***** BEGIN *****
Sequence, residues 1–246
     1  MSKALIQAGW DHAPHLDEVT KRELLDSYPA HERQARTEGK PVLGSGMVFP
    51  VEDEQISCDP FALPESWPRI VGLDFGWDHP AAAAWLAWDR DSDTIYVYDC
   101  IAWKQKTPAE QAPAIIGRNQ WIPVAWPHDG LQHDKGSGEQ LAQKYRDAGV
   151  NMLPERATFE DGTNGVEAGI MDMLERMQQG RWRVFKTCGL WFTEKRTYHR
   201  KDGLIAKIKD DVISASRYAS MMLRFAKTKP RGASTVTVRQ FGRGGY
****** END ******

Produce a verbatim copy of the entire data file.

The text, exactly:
Sequence, residues 1–246
     1  MSKALIQAGW DHAPHLDEVT KRELLDSYPA HERQARTEGK PVLGSGMVFP
    51  VEDEQISCDP FALPESWPRI VGLDFGWDHP AAAAWLAWDR DSDTIYVYDC
   101  IAWKQKTPAE QAPAIIGRNQ WIPVAWPHDG LQHDKGSGEQ LAQKYRDAGV
   151  NMLPERATFE DGTNGVEAGI MDMLERMQQG RWRVFKTCGL WFTEKRTYHR
   201  KDGLIAKIKD DVISASRYAS MMLRFAKTKP RGASTVTVRQ FGRGGY